Dennis McDougal’s The Last Mogul has a great title and a great subject. His title conjures up The Last Tycoon, F. Scott Fitz gerald’s never-finished novel about Irving Thalberg (a.k.a. Monroe Stahr), the most romantic and enigmatic of all Hollywood executives, who died young and left a legacy of legendary pictures. McDougal’s subject is Lew Wasserman, the steel eagle of MCA who became “the most potent single figure in show business,” and is about as romantic as the black tower on the Universal lot that bears his name. Wasserman didn’t die young; he’s still around in his mid-80s. In a moment of self-definition as rare as it was startling, he once announced, “I do not intend to sell. I do not intend to retire. And I do not intend to die.”
He did sell (to the samurai at Matsu shita); he did retire (thanks to Edgar Bronfman Jr.); and if McDougal’s book doesn’t put him away, it won’t be for not trying. Wasserman is not so much enigmatic as he is secretive in a way McDougal finds sinister and investigates for over 500 pages with the kind of relentless zeal one associates not with Fitzgerald’s Stahr, but with Monica’s. They used to call Wasserman “The Praying Mantis,” McDougal tells us, but in these pages he’s just prey. The first sentence is a grabber. “Lew Wasserman did not want this book published,” McDougal writes, and it’s no wonder. After two or three pages peppered with allusions to the mob, it dawns on the reader that the author has no intention of cloaking Wasserman in the mantle of Thalberg; he wants to dress him in the flashy pinstripes and spats of George Raft in Some Like It Hot, a movie Wasserman put together before he apotheosized from ten-percenter for Marilyn Monroe and others to mogul of moguls.
As buffs know, Some Like It Hot contains an inside gag about the early days of MCA, when Jules Stein was still a band booker operating out of a rented room in Chicago as the Music Corporation of America. Dr. Stein (a title he insisted upon) was the onetime ophthalmologist who would become Wasserman’s mentor in hardball and a big-time donor to worthy causes like the eye clinic named for him at UCLA.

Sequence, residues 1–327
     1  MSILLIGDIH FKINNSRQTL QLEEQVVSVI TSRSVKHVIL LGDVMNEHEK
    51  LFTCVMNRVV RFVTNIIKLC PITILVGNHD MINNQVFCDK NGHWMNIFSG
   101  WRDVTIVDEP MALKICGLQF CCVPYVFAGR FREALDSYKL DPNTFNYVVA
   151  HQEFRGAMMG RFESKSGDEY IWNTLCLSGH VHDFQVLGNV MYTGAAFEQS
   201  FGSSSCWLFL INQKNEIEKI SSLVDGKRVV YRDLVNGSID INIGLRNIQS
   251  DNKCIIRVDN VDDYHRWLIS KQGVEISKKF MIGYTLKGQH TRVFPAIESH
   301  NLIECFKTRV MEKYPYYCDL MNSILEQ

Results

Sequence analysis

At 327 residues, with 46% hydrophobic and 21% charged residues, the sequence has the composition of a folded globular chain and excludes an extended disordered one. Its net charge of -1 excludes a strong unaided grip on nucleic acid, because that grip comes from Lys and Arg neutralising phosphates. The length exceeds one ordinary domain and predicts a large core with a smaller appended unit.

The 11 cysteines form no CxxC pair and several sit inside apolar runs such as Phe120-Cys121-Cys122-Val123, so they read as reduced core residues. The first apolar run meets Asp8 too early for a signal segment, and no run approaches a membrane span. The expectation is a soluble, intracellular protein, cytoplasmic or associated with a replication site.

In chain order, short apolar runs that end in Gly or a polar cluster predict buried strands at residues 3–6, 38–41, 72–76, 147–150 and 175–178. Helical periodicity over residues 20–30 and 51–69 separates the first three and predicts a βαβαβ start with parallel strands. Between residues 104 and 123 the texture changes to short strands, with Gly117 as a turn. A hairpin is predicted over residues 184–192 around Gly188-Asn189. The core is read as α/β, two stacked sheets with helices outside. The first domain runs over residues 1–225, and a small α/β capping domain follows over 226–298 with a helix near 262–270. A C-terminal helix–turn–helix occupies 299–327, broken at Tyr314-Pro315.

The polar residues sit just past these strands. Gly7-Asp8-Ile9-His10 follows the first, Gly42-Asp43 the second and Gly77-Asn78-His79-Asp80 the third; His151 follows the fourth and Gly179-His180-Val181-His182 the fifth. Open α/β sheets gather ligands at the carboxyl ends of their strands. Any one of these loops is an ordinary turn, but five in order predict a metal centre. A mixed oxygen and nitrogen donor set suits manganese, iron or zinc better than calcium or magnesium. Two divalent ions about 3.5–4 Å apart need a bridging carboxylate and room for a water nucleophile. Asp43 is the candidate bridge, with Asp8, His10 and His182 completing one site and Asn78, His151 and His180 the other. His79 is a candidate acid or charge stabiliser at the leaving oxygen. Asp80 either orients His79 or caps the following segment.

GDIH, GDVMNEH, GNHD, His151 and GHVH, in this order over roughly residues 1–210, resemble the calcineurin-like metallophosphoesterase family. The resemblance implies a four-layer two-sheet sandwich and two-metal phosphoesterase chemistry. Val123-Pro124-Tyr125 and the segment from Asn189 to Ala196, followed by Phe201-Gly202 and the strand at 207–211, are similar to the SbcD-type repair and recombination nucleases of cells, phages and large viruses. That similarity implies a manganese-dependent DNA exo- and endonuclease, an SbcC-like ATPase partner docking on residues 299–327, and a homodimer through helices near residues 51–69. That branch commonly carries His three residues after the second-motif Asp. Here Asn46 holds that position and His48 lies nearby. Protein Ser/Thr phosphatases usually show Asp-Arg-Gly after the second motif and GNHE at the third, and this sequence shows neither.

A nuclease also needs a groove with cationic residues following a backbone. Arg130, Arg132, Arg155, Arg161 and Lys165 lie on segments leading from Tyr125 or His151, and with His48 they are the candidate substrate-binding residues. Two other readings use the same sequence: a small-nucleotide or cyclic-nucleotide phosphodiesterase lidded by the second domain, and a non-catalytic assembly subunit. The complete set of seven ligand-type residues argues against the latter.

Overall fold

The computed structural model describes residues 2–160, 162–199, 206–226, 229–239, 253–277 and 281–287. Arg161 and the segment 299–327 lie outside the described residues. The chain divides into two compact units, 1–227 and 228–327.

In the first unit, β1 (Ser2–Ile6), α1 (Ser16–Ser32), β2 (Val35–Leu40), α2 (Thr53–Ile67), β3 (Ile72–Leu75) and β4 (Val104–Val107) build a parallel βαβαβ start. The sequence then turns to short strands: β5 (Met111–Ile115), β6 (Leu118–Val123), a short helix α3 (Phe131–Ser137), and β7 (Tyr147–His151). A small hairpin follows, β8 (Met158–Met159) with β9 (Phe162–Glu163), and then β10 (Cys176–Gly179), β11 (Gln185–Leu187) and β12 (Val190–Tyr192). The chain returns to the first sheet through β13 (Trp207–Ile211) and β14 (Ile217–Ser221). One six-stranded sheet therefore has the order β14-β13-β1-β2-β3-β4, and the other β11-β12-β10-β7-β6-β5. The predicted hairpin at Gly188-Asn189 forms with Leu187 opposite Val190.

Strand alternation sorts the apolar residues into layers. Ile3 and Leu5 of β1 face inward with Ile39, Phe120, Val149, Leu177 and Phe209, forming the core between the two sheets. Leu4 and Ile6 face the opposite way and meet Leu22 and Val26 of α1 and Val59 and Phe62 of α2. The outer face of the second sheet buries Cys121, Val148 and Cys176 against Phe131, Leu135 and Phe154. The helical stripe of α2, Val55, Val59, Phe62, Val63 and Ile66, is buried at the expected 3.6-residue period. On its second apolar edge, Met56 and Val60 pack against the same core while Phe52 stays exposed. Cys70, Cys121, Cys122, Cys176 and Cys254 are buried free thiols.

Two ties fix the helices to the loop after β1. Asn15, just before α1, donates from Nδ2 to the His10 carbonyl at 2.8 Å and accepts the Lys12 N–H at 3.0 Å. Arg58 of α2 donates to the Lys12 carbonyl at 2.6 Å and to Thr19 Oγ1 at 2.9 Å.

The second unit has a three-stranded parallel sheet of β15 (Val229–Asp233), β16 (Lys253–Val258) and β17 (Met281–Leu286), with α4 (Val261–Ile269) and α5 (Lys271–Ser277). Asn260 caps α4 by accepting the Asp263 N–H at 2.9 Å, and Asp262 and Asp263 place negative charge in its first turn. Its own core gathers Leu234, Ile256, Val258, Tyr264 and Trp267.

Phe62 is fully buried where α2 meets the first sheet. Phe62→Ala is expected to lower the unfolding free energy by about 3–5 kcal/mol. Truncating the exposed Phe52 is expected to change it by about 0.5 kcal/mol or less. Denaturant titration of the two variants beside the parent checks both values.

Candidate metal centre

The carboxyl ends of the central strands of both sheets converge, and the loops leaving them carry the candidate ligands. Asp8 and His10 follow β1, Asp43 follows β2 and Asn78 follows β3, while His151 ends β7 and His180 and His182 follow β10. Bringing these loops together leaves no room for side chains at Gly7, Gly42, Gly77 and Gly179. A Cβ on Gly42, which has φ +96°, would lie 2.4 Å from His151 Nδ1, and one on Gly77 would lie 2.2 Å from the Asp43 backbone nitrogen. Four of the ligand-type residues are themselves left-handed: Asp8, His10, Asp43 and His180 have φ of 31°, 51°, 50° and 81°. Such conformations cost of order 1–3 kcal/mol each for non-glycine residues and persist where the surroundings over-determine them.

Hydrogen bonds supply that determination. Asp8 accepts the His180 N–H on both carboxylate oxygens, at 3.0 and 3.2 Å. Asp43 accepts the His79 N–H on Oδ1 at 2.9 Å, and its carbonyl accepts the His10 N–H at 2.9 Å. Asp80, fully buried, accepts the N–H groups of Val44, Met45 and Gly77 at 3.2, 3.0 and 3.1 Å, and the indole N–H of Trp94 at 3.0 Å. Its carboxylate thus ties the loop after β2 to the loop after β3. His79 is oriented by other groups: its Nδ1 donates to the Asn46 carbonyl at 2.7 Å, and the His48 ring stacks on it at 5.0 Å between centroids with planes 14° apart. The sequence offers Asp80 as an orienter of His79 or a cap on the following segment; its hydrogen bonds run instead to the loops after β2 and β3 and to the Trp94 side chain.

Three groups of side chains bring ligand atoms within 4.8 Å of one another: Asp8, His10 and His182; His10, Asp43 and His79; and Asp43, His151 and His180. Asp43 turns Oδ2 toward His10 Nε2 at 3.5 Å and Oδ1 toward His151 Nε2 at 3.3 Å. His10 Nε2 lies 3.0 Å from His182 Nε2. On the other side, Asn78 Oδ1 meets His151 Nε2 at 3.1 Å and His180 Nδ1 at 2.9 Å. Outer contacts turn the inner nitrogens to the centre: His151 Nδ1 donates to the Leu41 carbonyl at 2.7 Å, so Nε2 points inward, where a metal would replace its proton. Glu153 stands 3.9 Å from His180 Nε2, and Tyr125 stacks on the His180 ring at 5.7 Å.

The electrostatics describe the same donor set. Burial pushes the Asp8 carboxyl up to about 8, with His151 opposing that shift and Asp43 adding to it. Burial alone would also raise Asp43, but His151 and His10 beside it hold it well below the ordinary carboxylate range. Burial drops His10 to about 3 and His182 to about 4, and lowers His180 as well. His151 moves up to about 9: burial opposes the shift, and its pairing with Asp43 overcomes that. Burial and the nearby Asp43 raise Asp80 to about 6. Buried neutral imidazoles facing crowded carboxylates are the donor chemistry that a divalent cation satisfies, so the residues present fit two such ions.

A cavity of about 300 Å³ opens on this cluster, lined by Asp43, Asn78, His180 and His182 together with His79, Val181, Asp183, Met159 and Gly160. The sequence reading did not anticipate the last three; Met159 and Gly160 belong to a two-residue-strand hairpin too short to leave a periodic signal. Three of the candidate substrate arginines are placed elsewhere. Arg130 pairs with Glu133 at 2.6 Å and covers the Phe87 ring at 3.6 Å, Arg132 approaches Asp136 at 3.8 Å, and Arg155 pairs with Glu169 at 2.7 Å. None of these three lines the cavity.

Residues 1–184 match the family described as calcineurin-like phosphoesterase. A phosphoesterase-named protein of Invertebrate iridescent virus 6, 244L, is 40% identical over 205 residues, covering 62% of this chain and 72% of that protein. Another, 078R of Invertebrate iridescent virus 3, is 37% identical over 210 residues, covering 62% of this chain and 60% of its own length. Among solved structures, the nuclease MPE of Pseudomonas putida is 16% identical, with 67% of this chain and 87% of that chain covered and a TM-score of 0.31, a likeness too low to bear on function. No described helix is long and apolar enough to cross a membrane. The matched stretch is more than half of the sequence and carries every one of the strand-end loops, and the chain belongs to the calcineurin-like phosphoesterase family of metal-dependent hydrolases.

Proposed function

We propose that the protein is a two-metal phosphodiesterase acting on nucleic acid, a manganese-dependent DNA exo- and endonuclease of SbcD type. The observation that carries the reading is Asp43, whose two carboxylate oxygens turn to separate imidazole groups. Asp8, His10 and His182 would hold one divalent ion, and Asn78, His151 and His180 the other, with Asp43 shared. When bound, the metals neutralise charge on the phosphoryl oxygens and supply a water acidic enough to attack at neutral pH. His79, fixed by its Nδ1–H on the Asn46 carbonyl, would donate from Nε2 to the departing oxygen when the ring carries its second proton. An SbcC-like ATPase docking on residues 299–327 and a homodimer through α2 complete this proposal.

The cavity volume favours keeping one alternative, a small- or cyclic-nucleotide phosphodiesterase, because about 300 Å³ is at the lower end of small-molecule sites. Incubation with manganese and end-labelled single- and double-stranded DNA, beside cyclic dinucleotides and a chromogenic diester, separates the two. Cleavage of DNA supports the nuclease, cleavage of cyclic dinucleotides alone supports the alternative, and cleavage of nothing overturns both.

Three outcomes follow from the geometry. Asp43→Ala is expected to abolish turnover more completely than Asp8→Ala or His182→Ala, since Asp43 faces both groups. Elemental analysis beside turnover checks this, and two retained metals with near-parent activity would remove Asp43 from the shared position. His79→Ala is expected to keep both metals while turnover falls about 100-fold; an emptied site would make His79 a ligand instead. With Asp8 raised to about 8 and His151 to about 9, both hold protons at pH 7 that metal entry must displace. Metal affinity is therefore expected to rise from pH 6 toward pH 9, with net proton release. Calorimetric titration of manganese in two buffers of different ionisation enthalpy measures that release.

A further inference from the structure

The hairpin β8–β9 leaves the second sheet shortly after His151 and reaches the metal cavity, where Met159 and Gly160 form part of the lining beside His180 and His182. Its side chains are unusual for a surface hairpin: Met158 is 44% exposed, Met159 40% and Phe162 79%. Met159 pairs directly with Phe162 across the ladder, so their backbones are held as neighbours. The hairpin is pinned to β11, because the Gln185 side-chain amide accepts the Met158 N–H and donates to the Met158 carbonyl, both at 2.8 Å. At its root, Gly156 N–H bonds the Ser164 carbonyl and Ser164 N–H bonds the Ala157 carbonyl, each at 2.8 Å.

Wasserman began as a teenage movie usher in Cleveland, then plugged movies for a while, then became press agent for Cleveland’s Mayfair Casino at the end of Prohibition. The casino was syndicate-owned, McDougal tells us, and couldn’t get a liquor license, but it booked bands, which led Wasserman to Dr. Stein and MCA, where he proved to be the best and the brightest. A source from those days tells McDougal, “Selling bands was like selling whores, and Lew’d sell his own mother. Get a good price for her, too.”
McDougal doesn’t suggest that Wasserman’s mother was a working girl. The bedroom gossip here mainly involves Wasserman’s wife, Edie, or Dr. Stein’s daughters, and comes across as wildly irrelevant. There’s a lot of movie-star name-dropping and keyhole reporting, too, some of it new to me (I never knew about Janet Leigh and Johnny Stompanato), but the names McDougal drops with real relish are those of Al Capone, Moe Dalitz, Meyer Lansky, John Gotti and Sidney Korshak, without whom — McDougal argues — MCA’s rise to power might never have gone so far, so fast, or proved so enduringly lucrative.
The agency cracked Hollywood and the movies ä by selling the Ice Capades to MGM for a 1938 movie that almost ended Joan Crawford’s career. It turned to wooing or stealing stars from older, more staid companies like William Morris, and bought and sold Bette Davis, Betty Grable and others like grain futures or pork bellies. The austere MCA style was reinforced by the Men in Black uniform — black suit, black tie — decreed by Dr. Stein, who had a famous sideline in 18th-century English antiques that he cultivated while Wasserman became his heir apparent and the most powerful agent in Hollywood.
The funereal garb was a tip-off. The agency brought unyielding principles of supply and demand to an often sentimental business and took no prisoners. When Wasserman dropped Shirley Temple as a client, Temple protested, “Stars drop agents; not vice versa.”Silly Shirley. “You’re through,” Wasserman told her. “Washed up,” and handed her a Kleenex as he showed her the revolving door.
Wasserman’s iceberg style was for outsiders; MCA employees got the rage. “People walked out of his office and threw up,” an insider tells McDougal. The author adds, “The volume started low, then climbed steadily from harsh whisper to accusing snarl to molar-aching scream, until invective and spittle exploded in a single acid stream.”
One agent posted a reminder above his desk: “To err is human, to forgive is against company policy.” Another describes MCA as a place where “my most ruthless enemy was the man in the next office.” Wasserman didn’t invent fear, but he knew how to make it pay. In McDougal’s telling, failing to make the best possible deal for MCA — forget about the client — was tantamount to being found weeks later in the trunk of a parked car. What better company to finance Jaws?